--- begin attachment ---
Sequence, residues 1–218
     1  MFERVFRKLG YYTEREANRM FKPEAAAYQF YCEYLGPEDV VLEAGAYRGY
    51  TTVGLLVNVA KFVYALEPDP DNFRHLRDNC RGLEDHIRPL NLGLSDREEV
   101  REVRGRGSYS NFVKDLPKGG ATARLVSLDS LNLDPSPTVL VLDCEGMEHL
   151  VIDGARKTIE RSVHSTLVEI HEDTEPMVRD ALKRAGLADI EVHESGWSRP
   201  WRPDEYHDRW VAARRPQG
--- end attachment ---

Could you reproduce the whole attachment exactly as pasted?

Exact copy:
Sequence, residues 1–218
     1  MFERVFRKLG YYTEREANRM FKPEAAAYQF YCEYLGPEDV VLEAGAYRGY
    51  TTVGLLVNVA KFVYALEPDP DNFRHLRDNC RGLEDHIRPL NLGLSDREEV
   101  REVRGRGSYS NFVKDLPKGG ATARLVSLDS LNLDPSPTVL VLDCEGMEHL
   151  VIDGARKTIE RSVHSTLVEI HEDTEPMVRD ALKRAGLADI EVHESGWSRP
   201  WRPDEYHDRW VAARRPQG